Structural relaxation affecting shear-transformation avalanches in metallic glasses
T Niiyama and M Wakeda and T Shimokawa and S Ogata, PHYSICAL REVIEW E, 100, 043002 (2019).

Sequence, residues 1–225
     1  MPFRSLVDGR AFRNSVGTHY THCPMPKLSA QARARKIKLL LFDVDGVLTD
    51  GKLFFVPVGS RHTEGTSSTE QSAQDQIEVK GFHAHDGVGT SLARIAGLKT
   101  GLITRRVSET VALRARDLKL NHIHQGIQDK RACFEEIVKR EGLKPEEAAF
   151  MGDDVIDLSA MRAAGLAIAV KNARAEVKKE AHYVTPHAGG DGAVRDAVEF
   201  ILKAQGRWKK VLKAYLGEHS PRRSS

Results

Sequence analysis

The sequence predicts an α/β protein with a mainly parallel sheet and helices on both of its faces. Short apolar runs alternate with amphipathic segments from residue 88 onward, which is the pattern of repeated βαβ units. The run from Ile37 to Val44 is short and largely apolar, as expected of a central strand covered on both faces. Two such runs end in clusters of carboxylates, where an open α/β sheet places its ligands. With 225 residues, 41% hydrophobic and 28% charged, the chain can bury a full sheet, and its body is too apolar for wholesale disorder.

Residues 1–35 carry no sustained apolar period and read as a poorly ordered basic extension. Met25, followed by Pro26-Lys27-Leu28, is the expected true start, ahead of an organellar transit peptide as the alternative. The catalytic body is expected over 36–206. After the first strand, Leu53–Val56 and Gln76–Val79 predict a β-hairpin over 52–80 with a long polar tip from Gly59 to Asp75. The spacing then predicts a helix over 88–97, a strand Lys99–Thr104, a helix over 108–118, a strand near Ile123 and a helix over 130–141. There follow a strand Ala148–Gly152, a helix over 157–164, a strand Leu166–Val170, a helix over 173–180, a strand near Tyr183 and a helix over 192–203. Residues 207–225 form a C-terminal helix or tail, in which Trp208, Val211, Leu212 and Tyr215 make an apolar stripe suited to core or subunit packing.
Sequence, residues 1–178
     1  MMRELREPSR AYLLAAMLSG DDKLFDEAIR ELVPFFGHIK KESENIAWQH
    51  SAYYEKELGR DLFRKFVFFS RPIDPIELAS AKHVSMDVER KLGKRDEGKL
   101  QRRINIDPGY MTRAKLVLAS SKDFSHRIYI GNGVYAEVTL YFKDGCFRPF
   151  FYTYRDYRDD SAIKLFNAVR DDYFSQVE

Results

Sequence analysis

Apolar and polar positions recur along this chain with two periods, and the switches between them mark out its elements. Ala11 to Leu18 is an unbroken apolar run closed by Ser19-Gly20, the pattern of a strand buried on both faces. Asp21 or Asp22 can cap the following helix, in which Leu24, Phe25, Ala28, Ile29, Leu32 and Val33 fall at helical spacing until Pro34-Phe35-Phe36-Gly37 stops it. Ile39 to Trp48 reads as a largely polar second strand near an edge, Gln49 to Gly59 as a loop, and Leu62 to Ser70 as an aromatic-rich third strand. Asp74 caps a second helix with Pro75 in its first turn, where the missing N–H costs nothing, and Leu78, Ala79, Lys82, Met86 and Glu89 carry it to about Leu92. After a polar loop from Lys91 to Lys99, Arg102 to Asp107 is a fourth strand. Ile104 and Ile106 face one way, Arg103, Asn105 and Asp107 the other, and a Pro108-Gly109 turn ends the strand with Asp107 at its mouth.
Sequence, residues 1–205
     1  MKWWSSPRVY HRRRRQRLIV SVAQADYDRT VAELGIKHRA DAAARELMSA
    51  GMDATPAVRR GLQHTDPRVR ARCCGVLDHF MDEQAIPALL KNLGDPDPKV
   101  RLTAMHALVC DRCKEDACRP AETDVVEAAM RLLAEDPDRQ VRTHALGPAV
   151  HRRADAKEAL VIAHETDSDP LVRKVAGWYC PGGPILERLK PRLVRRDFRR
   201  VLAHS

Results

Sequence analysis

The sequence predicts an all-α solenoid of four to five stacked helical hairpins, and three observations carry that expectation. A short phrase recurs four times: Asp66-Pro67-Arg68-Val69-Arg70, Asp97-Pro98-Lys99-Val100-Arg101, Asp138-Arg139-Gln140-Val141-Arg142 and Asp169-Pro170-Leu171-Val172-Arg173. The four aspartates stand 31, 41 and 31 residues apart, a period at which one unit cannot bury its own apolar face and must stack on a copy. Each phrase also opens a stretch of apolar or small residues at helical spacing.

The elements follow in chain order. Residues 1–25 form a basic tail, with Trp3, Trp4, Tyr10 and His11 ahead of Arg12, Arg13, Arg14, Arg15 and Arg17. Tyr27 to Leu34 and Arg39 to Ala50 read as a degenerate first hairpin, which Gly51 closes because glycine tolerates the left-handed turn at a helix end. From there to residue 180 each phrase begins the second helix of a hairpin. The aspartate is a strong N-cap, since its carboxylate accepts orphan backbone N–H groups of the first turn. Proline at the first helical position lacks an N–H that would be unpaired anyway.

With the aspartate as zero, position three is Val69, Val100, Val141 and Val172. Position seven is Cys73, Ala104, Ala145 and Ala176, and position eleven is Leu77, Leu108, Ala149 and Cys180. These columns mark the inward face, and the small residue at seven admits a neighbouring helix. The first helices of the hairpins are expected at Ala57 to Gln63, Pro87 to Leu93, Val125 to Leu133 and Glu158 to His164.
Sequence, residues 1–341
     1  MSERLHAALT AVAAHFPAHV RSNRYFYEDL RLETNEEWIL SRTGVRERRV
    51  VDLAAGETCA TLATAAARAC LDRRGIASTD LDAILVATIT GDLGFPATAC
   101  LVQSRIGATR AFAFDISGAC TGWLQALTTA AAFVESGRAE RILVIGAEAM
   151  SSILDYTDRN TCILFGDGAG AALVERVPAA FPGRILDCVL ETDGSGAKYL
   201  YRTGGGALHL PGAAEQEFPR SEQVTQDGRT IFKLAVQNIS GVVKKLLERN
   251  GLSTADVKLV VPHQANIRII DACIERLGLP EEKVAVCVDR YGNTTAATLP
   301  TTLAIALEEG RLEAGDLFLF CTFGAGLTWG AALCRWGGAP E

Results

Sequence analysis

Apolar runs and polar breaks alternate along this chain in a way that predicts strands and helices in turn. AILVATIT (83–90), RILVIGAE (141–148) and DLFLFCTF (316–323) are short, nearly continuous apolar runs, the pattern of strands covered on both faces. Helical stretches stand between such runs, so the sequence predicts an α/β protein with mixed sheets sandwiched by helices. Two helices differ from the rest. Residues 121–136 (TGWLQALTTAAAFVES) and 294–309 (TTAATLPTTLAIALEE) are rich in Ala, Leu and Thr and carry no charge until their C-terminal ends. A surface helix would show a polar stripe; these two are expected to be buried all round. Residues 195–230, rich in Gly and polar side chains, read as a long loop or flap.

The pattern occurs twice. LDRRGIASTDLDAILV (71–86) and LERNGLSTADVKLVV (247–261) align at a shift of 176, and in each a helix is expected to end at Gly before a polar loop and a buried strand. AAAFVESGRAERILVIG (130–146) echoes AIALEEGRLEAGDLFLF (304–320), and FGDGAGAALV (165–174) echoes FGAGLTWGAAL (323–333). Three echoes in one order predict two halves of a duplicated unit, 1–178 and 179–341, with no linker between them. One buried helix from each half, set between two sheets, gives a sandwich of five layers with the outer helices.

Avalanche behaviors, characterized by power-law statistics and structural relaxation that induces shear localization in amorphous plasticity, play an essential role in deciding the mechanical properties of amorphous metallic solids (i.e., metallic glasses). However, their interdependence is still not fully understood. To investigate the influence of structural relaxation on elementary avalanche behavior, we perform molecular-dynamics simulations for the shear deformation test of metallic glasses using two typical metallic-glass models comprising a less-relaxed (as-quenched) glass and a well-relaxed (well-aged) glass exhibiting a relatively homogeneous deformation and a shear-band-like heterogeneous deformation, respectively. The data on elementary avalanches obtained from both glass models follow the same power-law statistics with different maximum event sizes, and the well-relaxed glass shows shear localization. Evaluating the spatial correlation functions of the nonaffine squared displacements of atoms during each elementary avalanche event, we observe that the shapes of the elementary avalanche regions in the well-relaxed glasses tend to be anisotropic, whereas those in the less-relaxed glasses are relatively isotropic. Furthermore, we demonstrate that a temporal clustering in the direction of the avalanche propagation emerges, and a considerable correlation between the anisotropy and avalanche size exists in the well-relaxed glass model.
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